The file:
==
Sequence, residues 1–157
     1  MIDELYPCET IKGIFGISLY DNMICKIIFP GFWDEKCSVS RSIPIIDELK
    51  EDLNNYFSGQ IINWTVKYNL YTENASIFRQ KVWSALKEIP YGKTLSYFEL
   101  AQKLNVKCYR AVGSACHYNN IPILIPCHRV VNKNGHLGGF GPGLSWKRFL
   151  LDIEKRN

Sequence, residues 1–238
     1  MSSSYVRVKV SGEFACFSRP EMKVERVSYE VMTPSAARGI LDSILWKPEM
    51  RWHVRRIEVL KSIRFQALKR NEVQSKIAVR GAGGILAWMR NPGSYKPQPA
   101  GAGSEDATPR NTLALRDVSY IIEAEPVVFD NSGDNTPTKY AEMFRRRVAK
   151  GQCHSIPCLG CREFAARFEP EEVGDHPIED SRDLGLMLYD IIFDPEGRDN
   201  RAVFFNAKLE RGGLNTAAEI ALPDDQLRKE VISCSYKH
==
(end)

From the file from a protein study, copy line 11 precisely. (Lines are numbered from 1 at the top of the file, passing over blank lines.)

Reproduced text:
   201  RAVFFNAKLE RGGLNTAAEI ALPDDQLRKE VISCSYKH